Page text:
If you have ever wanted to mod your Android device, your new best friend is easily going to be Team Win's TWRP custom recovery. This gives you access to file flashing on the fly, which can include such things as Magisk for root access, or even a custom ROM to replace the stock firmware that came with the device.
All Android devices do come with a minimal stock recovery, but TWRP takes it a step further with a much more feature-packed and user-friendly environment. Installing TWRP will override your stock recovery, but you gain the ability to have full control over your new recovery experience with many useful root-related features. For example, being able to make a NANDroid backup of the whole system has been solving semi-bricked device issues for years.
- Windows, Mac, or Linux computer
- Google's Platform-Tools
- USB data cable
To start this journey of flashing TWRP and other root-related files to your device, the bootloader must be unlocked. This allows you to install custom or unofficial software to gain more control over your device. If you have not unlocked the bootloader yet, go ahead and visit our guide on how to do that before moving on with this one.
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Once you have your bootloader unlocked, you will then need to download two separate TWRP related files. To get started, go ahead and download the first file below, which is the bootable TWRP image file:
Go ahead and rename the file to "twrp" (or "twrp.img" if your computer is set to show file extensions) to simplify the terminal commands you'll be using later on in this guide.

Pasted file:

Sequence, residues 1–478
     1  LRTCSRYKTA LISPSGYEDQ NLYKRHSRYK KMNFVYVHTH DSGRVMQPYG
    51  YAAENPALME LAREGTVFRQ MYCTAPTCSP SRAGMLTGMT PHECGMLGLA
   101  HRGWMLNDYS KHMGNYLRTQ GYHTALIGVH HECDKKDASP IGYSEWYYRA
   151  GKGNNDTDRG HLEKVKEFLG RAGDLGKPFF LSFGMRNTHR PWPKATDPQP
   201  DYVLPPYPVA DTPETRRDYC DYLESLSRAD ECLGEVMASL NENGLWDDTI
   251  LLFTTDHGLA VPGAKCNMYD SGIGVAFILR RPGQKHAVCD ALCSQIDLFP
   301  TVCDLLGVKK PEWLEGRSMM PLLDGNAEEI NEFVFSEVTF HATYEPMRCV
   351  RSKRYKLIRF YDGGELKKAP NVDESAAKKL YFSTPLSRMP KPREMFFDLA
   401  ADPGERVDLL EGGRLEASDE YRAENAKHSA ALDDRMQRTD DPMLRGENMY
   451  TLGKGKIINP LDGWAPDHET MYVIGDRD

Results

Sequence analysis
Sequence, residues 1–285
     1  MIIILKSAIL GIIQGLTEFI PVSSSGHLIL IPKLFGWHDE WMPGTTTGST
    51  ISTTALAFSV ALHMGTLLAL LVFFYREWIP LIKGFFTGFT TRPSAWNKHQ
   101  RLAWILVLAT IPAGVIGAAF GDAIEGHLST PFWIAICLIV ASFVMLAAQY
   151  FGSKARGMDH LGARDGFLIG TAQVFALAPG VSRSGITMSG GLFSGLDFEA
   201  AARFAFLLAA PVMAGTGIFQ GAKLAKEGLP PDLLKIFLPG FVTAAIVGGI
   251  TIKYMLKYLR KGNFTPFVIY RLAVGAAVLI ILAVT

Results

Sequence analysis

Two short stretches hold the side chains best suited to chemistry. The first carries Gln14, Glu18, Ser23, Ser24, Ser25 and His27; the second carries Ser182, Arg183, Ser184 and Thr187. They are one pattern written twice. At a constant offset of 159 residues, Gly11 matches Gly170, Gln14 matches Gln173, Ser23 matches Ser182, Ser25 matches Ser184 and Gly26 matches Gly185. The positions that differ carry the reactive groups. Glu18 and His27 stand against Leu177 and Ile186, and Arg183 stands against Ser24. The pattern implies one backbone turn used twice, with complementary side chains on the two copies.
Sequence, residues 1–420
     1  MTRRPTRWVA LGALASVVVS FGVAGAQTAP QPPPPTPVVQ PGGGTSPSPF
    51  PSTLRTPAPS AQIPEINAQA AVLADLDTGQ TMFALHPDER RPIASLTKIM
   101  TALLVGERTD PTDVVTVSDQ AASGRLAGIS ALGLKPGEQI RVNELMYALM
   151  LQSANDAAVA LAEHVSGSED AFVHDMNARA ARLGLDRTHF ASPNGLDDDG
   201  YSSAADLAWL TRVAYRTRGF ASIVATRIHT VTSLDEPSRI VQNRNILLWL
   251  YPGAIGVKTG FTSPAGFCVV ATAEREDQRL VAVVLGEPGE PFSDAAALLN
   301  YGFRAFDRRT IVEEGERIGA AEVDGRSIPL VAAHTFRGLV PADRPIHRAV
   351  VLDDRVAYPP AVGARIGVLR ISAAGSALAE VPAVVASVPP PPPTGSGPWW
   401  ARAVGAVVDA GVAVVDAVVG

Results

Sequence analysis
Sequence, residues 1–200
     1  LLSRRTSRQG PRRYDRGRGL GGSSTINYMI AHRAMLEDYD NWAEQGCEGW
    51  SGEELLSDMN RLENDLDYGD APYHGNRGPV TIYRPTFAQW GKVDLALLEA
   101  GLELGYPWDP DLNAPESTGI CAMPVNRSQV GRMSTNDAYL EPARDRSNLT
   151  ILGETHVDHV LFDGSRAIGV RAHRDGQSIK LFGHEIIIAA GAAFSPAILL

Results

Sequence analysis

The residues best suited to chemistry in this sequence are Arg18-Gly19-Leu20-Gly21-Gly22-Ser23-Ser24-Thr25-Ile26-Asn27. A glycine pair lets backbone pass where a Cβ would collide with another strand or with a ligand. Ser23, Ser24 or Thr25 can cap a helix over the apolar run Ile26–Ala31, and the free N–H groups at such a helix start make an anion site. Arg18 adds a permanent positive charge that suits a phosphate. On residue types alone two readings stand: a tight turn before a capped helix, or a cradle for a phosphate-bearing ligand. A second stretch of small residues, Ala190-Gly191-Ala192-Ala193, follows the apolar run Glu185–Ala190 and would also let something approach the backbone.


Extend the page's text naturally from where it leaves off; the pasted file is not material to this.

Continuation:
Now, you want to download the ZIP file as well:
You can rename this file to "twrp_perm" (or "twrp_perm.zip" if your computer is set to show file extensions) to also make flashing this file simple when the time comes.
Instead of having to turn your phone off and holding a few buttons to get into TWRP in the future, turning on the advanced reboot menu will make things a little easier. If you followed my previous guide on how to unlock the bootloader for the OnePlus 6T from Step 1, then you can skip this step; otherwise, you can visit the unlocking bootloader guide and get that squared away.
As a quick reminder, you can go to Settings –> System –> Developer options, then you can enable the "Advanced reboot" option from there.
Now, you want to hold your power button to bring up the power menu for the device. You will see a list of options, but go ahead and tap the "Bootloader" option and it will boot into the bootloader main menu. While you're still with your phone, now would be an excellent time to connect it to your computer via a USB data connection.
If you followed my previous guide on how to unlock the OnePlus 6T bootloader, you should already have the platform-tools folder installed and ready to go. You will need the platform-tools package to launch Fastboot and ADB commands in the future, especially for installing TWRP. If you haven't done that yet, go ahead and download the file below from Google to get started.
Now that you have the platform-tools extracted to a location of your choosing, we can open a command window for your current operating system. Head into your platform-tools folder (if you don't remember where this is, search your hard drive for "platform-tools"), and then you are going to copy the location of this folder to be used in the command window.
You might have trouble with this if you are running macOS Mojave, in this case, open the platform-tools folder in Finder, press cmd+opt+p to display the path location of the folder, then right-click the "platform-tools" at the bottom of the window. From there, click the "Copy as Pathname" option and you have now successfully copied the location of that folder!